Wednesday, September 10, 2008

Getting Money in the Middle of Nowhere

One constant concern when travelling is how much money to carry. The easiest would be to take $30,000 out of the bank and just carry it around, but this is clearly a bit of theft risk. On the other end of the spectrum you'd have the smallest amount of cash possible, but then you run into problems when something unexpected happens. Most travellers have an emergency stash hidden somewhere, and enough "ready" money to pay for the next couple of days.

In Murghab you are about as remote as it is possible to get (except for maybe Central Anarctica), so it's no suprise there are no bank machines. Our plan was to spend about a week there and then head to Khorog, which has a banch machine, so we had allowed our cash piles to get lower then normal.

Then we went to the META office and found out about a great 5 day hike to the Fedchenko Glacier, the longest subarctic glacier in the world. We couldn't resist despite the $800.00 price tag for vehicles and a guide. The route would take us through some of the most remote scenery in the Pamirs and give us a chance to see a view that had never before been visited by westerners. Best of all, we'd end up in Khorog at the end of the whole thing so we could go to the bank there and pay for it.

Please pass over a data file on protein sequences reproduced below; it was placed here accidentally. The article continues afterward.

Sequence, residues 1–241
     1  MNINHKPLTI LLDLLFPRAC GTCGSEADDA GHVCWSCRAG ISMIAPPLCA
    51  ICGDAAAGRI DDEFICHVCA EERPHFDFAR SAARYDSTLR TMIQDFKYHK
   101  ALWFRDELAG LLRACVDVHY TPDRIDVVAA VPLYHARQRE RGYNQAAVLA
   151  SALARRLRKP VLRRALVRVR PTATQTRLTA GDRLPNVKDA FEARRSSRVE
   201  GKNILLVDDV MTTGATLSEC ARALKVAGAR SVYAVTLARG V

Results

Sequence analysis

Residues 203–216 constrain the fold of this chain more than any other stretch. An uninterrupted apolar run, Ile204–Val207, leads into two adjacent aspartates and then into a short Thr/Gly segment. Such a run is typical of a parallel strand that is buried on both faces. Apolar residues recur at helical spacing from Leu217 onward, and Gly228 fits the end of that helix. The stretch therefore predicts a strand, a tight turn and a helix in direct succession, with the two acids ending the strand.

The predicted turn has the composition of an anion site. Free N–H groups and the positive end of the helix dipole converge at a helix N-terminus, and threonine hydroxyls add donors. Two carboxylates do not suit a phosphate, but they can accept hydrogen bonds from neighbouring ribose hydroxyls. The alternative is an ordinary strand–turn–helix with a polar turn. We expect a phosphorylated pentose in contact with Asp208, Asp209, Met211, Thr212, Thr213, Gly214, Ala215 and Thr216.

Unfortunately, we ran into some people from the British embassy who told us the road was washed out and we couldn't complete the route. This dropped the transportation cost, but it meant that we had to come up with all the money ourselves. We didn't have enough.

No problem, said the META guy. You can do a wire transfer to the bank here and get the money from them (there is a bank in Murghab, but it doesn't have an ATM, or Visa, or any other modern connections, and normally is short on cash, so it is kind of useless). He got us all of the information, and I asked if we could use his internet (the only connection in the town) so that I could email my banker. Unfortunately, the electricity was out (Murghab only has a few hours a day of reliable power and it is often so weak that you can't see by lightbulbs because they are too dim).

Sigh... Well, maybe I could phone my mom, give her the information, and ask her to do me a huge favor and arrange the wire transfer.

That evening I went down the pitch black streets (Murghab has no street lights) to the phone office. I gave the number to the lady in the office and she phone for me. No lines. She tried again. Error. She tried again, and again, and again.

We never did go to the Fedchenko. If Tajikistan had only had any one of:
  1. a working road system
  2. a working electricity system
  3. a functional internet
  4. a functional phone network

we would have been able to do the trip. Ohhh well, you can't have it all.

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